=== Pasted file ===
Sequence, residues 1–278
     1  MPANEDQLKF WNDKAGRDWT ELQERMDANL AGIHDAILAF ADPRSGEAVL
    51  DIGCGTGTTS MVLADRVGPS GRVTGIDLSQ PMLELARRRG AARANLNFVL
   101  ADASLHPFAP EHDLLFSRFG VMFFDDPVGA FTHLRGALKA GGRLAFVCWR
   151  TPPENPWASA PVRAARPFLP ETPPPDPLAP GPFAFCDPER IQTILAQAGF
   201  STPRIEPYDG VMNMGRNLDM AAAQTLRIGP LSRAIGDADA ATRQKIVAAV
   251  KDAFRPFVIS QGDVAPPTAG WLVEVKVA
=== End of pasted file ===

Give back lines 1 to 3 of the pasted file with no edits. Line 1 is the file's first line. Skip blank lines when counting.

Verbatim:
Sequence, residues 1–278
     1  MPANEDQLKF WNDKAGRDWT ELQERMDANL AGIHDAILAF ADPRSGEAVL
    51  DIGCGTGTTS MVLADRVGPS GRVTGIDLSQ PMLELARRRG AARANLNFVL